Fundus evaluation reveals subtle and irregular vitelliform lesions after three years of intravitreal injections in the right eye (on left) and observation in the left (on right).
In AOVM, fluorescein angiography (FA) results vary with disease progression. Early changes appear as central hyper-fluorescent staining due to RPE disruption.7 More developed disease shows a “corona sign” or central hypo-fluorescent atrophic lesion with surrounding hyperfluorescent halos due to loss of photoreceptor outer segments.7 Vitelliform lesions tend to stain late.1 Other diagnostic findings include an electro-oculogram (EOG) and electroretinogram (ERG) that are relatively normal and mild tritan color vision defects.1,3

The primary differential diagnoses for AOVM include Best’s disease and AMD.8 Best’s disease is genetically similar to AOVM, but Best’s disease has a characteristically larger lesion size than seen in AOVM and presents with an earlier age of onset, abnormal EOG and a poorer visual prognosis.6,8,9

AOVM is often misdiagnosed as AMD because macular degeneration occurs much more commonly than AOVM.8 Differentiation is possible due to the later onset of macular degeneration as well as with macular OCT analysis.8 Exudative macular degeneration shows a characteristic and irregular intra- and subretinal serous shadowing with fibrovascular changes.3 Alternatively, AOVM lesions have discrete and well-demarcated “hills” of subfoveal disruption with no optical shadowing effects.3

Current medical management of AOVM has been disappointing. Verteporfin photodynamic therapy (PDT) has been attempted unsuccessfully.3 Monthly intravitreal injections of the anti-vascular endothelial growth factor (anti-VEGF) medications Lucentis and Avastin have been shown to produce short-term visual improvement.3 The FDA recently approved the use of another anti-VEGF intravitreal injection known as Eylea (aflibercept, Regeneron).10 The pivotal aspect of this medication is that it is used only once per month for three months, then once every two months thereafter.10 This requires fewer injections per year than its monthly-injection predecessors, Lucentis and Avastin.10

In milder presentations, visual prognosis for AOVM is typically good because the lesion lies in the RPE and does not involve the sensory retina.1,2 Prognosis worsens as subretinal fluid accumulates from choroidal disruption with progression to exudative detachments.1 Visual prognosis is directly correlated with the magnitude of disconnect between the photoreceptor’s inner and outer segments, as well as that between the RPE and choriocapillaris layers.6,11 Atrophy and thinning of affected retina are concerning because they increase the likelihood for development of a full-thickness macular hole, which can be visually debilitating.4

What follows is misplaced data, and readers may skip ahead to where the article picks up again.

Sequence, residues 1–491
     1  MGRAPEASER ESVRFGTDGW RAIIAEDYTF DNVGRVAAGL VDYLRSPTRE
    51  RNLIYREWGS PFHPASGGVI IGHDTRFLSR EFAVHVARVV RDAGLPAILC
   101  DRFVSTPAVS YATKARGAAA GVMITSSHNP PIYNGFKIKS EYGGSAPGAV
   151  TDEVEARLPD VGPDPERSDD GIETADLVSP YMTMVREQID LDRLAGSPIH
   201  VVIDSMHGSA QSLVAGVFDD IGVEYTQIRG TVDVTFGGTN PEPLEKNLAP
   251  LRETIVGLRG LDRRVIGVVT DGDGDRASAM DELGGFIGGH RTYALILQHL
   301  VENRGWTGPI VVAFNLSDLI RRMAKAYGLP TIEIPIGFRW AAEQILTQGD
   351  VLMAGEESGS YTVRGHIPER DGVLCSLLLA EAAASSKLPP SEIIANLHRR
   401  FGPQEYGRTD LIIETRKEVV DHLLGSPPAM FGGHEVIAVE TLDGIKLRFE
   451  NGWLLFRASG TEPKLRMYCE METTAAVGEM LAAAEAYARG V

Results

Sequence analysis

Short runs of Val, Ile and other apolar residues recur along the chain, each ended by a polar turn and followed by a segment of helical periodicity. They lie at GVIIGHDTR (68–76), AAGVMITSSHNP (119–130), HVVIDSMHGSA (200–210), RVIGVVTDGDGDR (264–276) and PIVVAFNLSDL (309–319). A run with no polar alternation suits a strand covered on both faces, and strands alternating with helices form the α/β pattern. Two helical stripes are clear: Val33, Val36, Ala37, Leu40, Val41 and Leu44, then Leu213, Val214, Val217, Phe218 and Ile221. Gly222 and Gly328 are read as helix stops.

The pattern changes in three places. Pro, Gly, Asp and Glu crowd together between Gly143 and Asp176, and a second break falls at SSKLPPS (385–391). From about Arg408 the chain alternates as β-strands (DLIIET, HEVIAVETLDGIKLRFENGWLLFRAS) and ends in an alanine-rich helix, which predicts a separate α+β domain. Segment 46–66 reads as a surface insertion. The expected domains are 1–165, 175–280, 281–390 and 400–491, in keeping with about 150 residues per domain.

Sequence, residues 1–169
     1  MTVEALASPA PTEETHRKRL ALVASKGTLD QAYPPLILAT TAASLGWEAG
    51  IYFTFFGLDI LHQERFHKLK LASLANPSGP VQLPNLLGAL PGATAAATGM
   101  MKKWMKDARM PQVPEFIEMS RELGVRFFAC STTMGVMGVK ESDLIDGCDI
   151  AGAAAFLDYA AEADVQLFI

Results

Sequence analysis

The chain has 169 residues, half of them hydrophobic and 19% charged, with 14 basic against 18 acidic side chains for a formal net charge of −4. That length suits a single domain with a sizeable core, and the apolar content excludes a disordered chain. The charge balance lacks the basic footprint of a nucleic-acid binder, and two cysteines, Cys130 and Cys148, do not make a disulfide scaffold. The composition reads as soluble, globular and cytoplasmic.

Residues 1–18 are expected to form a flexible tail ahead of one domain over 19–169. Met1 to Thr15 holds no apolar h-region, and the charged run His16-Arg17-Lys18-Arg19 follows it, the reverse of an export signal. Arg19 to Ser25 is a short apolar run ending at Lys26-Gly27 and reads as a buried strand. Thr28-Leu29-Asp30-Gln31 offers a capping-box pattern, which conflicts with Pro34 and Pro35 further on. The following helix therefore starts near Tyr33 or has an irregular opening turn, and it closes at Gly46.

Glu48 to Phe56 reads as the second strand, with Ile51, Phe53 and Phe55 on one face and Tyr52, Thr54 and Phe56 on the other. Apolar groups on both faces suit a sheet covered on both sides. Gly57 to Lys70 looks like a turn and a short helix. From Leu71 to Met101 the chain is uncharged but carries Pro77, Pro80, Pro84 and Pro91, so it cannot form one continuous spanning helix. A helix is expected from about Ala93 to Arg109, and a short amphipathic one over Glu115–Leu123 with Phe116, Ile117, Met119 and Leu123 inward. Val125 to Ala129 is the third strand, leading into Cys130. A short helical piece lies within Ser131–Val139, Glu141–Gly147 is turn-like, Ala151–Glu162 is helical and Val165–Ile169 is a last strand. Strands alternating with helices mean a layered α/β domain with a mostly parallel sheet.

Low vision consultation is warranted for advanced cases of AOVM when the patient experiences difficulty performing daily tasks and is motivated for intervention. Laying the groundwork for the evaluation requires asking the patient questions to determine his or her functional status:

• “What brings you in to the examination?”
• “Do you live alone or with a spouse?”
• “Do you have a physical impairment or notice any environmental issues that hinder your mobility?”
• “How well do you get around in both familiar and unfamiliar settings?”

In order to determine in which direction the evaluation should go, the examiner should determine the previous devices the patient has used, as well as the level of effectiveness experienced. The patient’s chief complaint often guides the goal-selection portion of the examination.



Spectralis OCT scans of the vitelliform lesions: Persistent subretinal fluid can be noted in the right eye (top), with a partial posterior hyaloid detachment appreciated in the left (bottom), and cuticular drusen confirmed in both eyes.
Visual acuity should be measured with and without correction. Central acuity is required for determining whether legal blindness exists, but eccentric viewing acuities offer a valuable method for gauging the functional capacity of the patient. Be aware that reading speed drastically decreases as the distance of the preferred retinal locus (or eccentric viewing area) increases from central fixation.12